News 12 at 11 / Friday, July 19, 2014
AUGUSTA, Ga. (WRDW) -- It's the first glimmer of hope in a disease known for whittling it away. Georgia's going on the attack to battle Alzheimer's Disease. This year Georgia released its first state-wide dementia plan.
A gerontologist who helped create the plan says dementia is a growing problem that's only going to get worse.
It's a journey through uncharted waters with no sign of a cure. It's one Janeabeth Wells knows all too well.
"Mom was diagnosed a little over four years ago. She was 67 years old," Wells said. "Now she's starting stage 7, which is the final stage of Alzheimer's."
Alzheimer's is cruel disease where the person you know and love disappears right before your eyes.
"The hardest part is knowing that she's still here with me, yet I have absolutely no relationship with her mentally anymore at all. I've lost my mother while I still see her physically every single day," Wells reveals.
As the population ages, stories like these are becoming more common than not. Dementia has grown 400 percent over the past couple decades, turning into one of the biggest issues facing Georgia today. Experts are calling it a looming national public heath crisis.
Dr. James Bulot is a gerontologist who helped create the state-wide plan. He puts it this way.
"If we had 250,000 people with a particular disease in Georgia right now, we would have public committees, we would have hearings, we would have all kinds of work being done to address it," Dr. Bulot said.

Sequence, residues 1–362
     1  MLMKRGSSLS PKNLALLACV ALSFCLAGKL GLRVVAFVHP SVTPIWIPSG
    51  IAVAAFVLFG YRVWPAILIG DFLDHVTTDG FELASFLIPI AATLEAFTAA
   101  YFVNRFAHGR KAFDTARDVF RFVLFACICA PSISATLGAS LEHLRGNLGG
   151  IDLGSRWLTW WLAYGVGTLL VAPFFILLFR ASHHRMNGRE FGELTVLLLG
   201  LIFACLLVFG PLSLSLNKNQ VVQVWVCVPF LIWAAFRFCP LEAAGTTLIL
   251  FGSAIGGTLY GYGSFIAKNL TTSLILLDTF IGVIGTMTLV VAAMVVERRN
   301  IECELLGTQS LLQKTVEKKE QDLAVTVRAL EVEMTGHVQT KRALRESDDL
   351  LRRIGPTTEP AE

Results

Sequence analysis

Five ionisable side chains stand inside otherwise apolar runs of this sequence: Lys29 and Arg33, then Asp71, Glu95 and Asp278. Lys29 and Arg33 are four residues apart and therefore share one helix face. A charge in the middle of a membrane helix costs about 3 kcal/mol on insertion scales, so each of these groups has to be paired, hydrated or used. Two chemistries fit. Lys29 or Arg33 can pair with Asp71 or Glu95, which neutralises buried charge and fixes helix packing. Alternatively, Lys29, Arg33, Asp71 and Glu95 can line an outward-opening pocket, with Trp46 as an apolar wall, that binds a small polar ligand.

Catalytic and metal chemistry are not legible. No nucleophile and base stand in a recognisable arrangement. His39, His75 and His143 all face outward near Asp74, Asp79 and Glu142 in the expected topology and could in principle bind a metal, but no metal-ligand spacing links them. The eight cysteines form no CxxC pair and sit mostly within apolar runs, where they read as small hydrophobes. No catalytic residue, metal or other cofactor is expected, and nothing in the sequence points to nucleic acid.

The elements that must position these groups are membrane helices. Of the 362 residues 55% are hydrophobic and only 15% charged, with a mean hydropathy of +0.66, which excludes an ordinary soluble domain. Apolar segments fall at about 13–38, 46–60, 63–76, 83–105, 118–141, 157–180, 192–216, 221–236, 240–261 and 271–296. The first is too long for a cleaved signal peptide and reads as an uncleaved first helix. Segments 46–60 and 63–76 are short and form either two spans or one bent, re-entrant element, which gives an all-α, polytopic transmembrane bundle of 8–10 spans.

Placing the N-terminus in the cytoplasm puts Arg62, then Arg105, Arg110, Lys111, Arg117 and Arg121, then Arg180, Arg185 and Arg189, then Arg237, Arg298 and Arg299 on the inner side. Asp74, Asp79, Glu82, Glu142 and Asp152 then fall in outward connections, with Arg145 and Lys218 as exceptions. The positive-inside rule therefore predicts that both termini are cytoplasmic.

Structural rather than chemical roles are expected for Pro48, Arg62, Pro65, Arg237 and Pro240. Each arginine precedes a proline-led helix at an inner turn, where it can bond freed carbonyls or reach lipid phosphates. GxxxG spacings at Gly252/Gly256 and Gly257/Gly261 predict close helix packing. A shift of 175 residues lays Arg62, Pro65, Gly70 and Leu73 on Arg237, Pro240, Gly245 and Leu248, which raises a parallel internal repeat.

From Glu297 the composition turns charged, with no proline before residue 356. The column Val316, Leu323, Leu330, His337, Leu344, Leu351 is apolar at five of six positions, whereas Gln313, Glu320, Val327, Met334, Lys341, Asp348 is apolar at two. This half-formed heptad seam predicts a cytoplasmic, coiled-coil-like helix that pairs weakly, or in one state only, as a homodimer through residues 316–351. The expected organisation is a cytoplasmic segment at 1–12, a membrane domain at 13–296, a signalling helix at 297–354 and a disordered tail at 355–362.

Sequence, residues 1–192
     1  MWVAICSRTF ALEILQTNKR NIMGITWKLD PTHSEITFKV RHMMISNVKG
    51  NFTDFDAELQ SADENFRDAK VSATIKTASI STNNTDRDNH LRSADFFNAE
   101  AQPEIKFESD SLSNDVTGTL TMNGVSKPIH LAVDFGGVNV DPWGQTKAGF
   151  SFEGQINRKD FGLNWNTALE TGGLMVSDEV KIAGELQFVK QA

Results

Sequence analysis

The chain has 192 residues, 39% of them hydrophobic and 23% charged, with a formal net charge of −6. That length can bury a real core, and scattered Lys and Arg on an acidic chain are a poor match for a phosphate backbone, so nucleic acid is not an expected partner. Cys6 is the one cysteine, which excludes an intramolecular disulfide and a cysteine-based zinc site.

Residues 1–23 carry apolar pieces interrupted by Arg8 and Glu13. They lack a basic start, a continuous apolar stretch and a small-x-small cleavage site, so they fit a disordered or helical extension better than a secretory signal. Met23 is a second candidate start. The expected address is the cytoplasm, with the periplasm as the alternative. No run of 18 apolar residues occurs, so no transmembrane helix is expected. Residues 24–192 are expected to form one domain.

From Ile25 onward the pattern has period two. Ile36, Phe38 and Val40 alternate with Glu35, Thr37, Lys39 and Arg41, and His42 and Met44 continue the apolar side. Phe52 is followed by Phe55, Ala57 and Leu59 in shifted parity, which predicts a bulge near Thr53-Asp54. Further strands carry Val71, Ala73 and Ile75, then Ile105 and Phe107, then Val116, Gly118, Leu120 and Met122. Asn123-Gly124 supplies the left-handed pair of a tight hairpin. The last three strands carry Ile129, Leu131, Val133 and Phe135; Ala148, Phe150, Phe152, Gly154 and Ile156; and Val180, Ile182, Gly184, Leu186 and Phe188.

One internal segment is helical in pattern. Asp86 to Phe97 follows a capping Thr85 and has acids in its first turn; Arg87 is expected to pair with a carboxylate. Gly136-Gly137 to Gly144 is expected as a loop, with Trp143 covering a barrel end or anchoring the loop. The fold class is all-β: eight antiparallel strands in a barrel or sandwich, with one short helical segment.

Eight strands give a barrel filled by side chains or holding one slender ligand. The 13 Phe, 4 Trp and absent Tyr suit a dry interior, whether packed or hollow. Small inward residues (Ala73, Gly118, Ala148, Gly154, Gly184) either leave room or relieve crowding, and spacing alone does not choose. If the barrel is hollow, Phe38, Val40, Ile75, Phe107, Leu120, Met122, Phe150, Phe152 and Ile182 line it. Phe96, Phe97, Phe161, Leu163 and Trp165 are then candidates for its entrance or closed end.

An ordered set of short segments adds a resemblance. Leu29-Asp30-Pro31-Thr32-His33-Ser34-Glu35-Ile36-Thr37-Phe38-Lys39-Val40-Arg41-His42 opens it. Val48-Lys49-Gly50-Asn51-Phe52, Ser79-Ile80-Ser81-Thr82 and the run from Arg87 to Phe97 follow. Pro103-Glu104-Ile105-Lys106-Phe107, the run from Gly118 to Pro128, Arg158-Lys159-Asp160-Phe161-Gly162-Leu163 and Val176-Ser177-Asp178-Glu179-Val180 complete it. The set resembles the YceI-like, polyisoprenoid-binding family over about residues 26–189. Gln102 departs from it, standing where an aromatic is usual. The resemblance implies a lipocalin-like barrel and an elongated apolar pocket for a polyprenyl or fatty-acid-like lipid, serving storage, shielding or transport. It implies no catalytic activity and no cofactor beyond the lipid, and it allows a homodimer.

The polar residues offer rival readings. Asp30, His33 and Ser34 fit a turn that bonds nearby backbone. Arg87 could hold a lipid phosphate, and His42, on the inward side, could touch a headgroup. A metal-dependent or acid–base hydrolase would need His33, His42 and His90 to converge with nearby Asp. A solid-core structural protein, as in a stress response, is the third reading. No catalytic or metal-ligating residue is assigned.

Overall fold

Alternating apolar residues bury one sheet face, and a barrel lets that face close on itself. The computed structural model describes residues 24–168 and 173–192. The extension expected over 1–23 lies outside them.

Now, Georgia's finally taking those steps. The new state-wide plan is redesigning the way Georgia treats dementia patients from the ground up. It's aimed at improving services, safety, treatment, housing, and public education.
"Our systems were never designed to serve that many people," Dr. Bulot admitted. "[The plan] doesn't have a time frame attached to it, and the plan isn't meant to be set in stone. So, as technology changes, as our knowledge changes, as research changes, the state plan will also change as well."
This year the General Assembly created a statewide Alzheimer's registry for research and planning. It's also raising the bar for Adult Day Care facilities by creating the ability to license them to protect against physical abuse and financial exploitation.
"If it raises awareness so people understand the disease and how terrible it is, and that we really need to do something about it, that to me is the most important thing," Wells said.
It's the first step of a battle Georgia is determined to win.
That really is just the tip of the iceberg. The plan also has promising blood tests for early detection and recommendations to help Alzheimer's patients stay in the workforce longer.
We've attached a link to the entire plan for you to read.
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